Scientists at Worcester Polytechnic Institute (WPI) and Albany Medical College, together with corporate partners GE Global Research and Acoustic MedSystems Inc., have obtained a five-year, $3.5 million award from the National Institutes of Health (NIH) through the National Cancer Institutes’ (NCI) Academic-Industrial Partnership program, to continue the creation of a novel robotic system that has the ability to operate within an MRI scanner to deliver a minimally invasive probe into the brain to eliminate metastatic brain tumors using high-intensity therapeutic ultrasound through real-time guidance.
The grant is the second major NIH award for the development of the system and will allow the researchers to model the ultrasound ablation system’s behavior, execute thermal monitoring to offer real-time feedback on dose delivery, improve and validate the system’s effectiveness, and approve the readiness of the system for human clinical trials.
The team has been headed by principal investigators Gregory S. Fischer, PhD, associate professor of mechanical engineering and robotics engineering at WPI and director of the Automation and Interventional Medicine Laboratory, and Julie G. Pilitsis, MD, PhD, chair of the Department of Neuroscience and Experimental Therapeutics and professor of neurosurgery at Albany Medical College.
Fischer and Pilitsis will work in close collaboration with the two corporate partners. Acoustic MedSystems in Savoy, Ill., will design, construct, and verify the needle-based therapeutic ultrasound (NBTU) probe and offer the software to visualize and control it. GE Global Research Center in Niskayuna, N.Y., will execute thermal imaging capabilities to perform real-time monitoring of the ablation of tumor tissue, and will collaborate on incorporating the robotic system into its clinical MRI scanner.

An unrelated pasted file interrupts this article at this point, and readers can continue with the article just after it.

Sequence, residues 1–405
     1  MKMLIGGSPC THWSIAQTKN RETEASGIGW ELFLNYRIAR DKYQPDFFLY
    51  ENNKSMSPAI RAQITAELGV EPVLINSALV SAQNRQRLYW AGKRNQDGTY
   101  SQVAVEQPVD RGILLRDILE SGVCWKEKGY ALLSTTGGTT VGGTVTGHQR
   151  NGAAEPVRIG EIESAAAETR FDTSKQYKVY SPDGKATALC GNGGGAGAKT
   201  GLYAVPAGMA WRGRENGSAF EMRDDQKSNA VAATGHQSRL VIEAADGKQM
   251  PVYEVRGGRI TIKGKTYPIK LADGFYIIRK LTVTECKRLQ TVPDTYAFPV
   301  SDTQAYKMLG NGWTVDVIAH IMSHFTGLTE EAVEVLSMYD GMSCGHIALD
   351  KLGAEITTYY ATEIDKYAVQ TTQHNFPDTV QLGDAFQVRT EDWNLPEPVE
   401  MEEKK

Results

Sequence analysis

Brain metastases—the most common type of brain tumors—occurs when primary cancers from other organs spread to the brain. Every year, nearly 170,000 new cases are diagnosed in North America. At present, chemotherapy, radiation, and surgery the only treatment options, which find limited success and can affect the unaffected brain tissue; moreover, surgery is feasible only if the tumors are in accessible locations.
The treatment strategy of the system being developed with the NIH award is different. The system is equipped with a thin, 2-mm-diameter probe that can be inserted into the brain via a small hole drilled in the skull and positioned within the tumor. Doctors will be in a position to deliver doses of high-intensity ultrasound energy lethal to tumors by tuning the probe’s orientation and power output, while minimizing damage to surrounding brain tissue. High-intensity ultrasound energy destroys tissue by heating it, known as thermal ablation, rendering it feasible to use an MRI scanner’s potential to detect thermal emissions to monitor the dose delivered to the tumor.